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Obama opposes AG nominee

*** UPDATE *** Edwards and Clinton also release statements opposing Mukasey. Read more to read their statements as well.

From NBC's Domenico Montanaro
Yesterday, Dodd held a conference call with reporters to declare his opposition to Attorney General nominee Michael Mukasey. He said he was opposed to Mukasaey, not because of his stance on torture, but above all because of his stance on the power of the executive branch.

Today, Obama's Senate office released a statement with Obama's opposition to Mukasey. Obama's opposition, he writes is rooted in both Mukasey's ambiguous stance on torture and the issue of presidential power.

Here's Obama's statement:

"After the dismal performance of the last attorney general, I had hoped that Judge Michael Mukasey would represent a badly-needed change in direction for the Justice Department and the nation. But his testimony before the Senate was stunning. While his legal credentials are strong, his views on two critical and related matters are, in my view, disqualifying.

"We don't need another attorney general who believes that the President enjoys an unwritten right to secretly ignore any law or abridge our constitutional freedoms simply by invoking national security. And we don't need another attorney general who looks the other way on issues as profound as torture. Judge Mukasey's professed ignorance of the debate over the propriety of practices like "waterboarding," or simulated drowning, as a means of interrogation, was appalling.

"We are a nation of laws, and those laws apply equally to the President of the United States and common citizens. We need an attorney general who understands and appreciates that inviolable principle."

*** UPDATE 1 *** Edwards also is opposed to Mukasey. He highlights Mukasey's stance on torture as well as Congress' role in checking executive power.

Here's his statement:
"George Bush's political appointees at the Justice Department have twisted the law to justify waterboarding and other interrogation techniques that have long been considered torture. Now the man who is supposed to clean up the Justice Department -- Judge Michael Mukasey -- says he does not know whether waterboarding is torture or not. What more information does he need? Waterboarding was used in the Spanish inquisition and considered a war crime in World War II.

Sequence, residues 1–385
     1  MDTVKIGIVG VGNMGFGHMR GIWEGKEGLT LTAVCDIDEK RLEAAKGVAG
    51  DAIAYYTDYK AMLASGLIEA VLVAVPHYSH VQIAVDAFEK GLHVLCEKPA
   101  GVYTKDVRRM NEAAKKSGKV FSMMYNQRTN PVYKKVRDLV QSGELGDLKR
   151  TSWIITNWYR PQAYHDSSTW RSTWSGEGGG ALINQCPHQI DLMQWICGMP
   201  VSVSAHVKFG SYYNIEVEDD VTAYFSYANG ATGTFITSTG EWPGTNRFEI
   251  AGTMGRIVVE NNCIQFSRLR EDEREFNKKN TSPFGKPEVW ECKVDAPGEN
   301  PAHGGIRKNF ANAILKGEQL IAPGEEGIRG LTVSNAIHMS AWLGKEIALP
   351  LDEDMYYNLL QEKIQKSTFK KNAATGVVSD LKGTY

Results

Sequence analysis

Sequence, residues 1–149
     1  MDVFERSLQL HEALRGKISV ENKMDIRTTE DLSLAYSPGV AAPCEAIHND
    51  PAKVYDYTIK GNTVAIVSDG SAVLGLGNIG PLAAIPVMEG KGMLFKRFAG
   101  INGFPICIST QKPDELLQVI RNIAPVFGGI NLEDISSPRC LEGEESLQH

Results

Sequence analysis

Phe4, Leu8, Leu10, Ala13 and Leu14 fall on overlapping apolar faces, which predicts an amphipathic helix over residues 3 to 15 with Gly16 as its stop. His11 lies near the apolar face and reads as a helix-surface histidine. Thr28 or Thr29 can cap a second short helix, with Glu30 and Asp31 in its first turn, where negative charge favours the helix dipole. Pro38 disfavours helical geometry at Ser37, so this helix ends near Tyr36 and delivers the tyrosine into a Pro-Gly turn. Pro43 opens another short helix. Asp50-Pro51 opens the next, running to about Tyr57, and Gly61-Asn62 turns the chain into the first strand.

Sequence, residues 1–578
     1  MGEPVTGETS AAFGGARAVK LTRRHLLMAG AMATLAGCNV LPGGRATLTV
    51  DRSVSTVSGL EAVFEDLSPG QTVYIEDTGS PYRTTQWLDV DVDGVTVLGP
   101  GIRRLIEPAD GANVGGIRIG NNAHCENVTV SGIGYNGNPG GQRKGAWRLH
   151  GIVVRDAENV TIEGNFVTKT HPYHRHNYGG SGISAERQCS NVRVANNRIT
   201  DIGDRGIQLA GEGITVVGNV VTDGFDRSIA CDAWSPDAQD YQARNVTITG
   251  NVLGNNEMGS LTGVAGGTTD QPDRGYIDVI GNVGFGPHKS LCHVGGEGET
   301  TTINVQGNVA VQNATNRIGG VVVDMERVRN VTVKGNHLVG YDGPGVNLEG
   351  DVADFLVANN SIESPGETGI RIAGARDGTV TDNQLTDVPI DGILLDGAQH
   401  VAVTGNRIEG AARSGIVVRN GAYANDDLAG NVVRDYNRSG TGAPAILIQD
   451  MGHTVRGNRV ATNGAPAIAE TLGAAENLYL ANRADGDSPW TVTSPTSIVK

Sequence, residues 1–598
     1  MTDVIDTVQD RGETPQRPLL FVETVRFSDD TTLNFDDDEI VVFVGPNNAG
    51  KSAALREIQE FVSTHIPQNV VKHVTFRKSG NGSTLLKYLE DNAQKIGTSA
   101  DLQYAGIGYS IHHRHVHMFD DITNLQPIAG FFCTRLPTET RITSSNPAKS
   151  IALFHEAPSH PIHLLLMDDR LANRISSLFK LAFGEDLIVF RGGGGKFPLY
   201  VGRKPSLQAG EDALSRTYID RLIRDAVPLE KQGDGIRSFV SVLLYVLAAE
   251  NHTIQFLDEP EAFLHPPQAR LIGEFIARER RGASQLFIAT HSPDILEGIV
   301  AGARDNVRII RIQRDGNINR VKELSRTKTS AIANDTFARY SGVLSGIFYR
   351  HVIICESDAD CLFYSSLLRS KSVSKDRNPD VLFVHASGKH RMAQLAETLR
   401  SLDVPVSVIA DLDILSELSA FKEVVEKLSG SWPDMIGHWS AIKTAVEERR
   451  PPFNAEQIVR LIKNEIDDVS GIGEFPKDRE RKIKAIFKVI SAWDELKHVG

"Mukasey has also said that the president doesn't necessarily have to abide by acts of Congress. We need an Attorney General who will put the rule of law above the administration's short-term political interests, and Mukasey has already shown that he's unwilling to do that.

"The credibility of Justice Department has been badly tarnished, and it is now clear that Mukasey is not the man to restore it. The Senate should reject his nomination."

*** UPDATE 2 *** Clinton's Senate office released that Clinton also opposes Mukasey. In the release, she too cites his views on executive power and torture.

Here's the release:


October 30, 2007 

We need an Attorney General who has the strength to challenge this Administration when it is wrong, who is committed to reestablishing the independence of the Department of Justice and to restoring respect for the Constitution and the rule of law. I am deeply troubled by Judge Mukasey's continued unwillingness to clearly state his views on torture and unchecked Executive power.

The Attorney General is the chief defender of the rule of law in our country. After Alberto Gonzales's troubled tenure, we cannot send a signal that the next Attorney General in any way condones torture or believes that the President is unconstrained by law. When we leave any doubt about our nation's policy on torture, we send a terrible message to the rest of the world. Judge Mukasey has been given ample opportunity – both at his confirmation hearings and in his subsequent submission to the Judiciary Committee – to clarify his answers and categorically oppose the unacceptable interrogation techniques employed by this Administration. His failure to do so leaves me no choice but to oppose his nomination.

We need to restore the nation's confidence in the Department of Justice. The Department must once again defend our Constitution and the rule of law without regard to ideology and partisanship. And we need to protect the country from terrorism while also respecting Americans' civil liberties.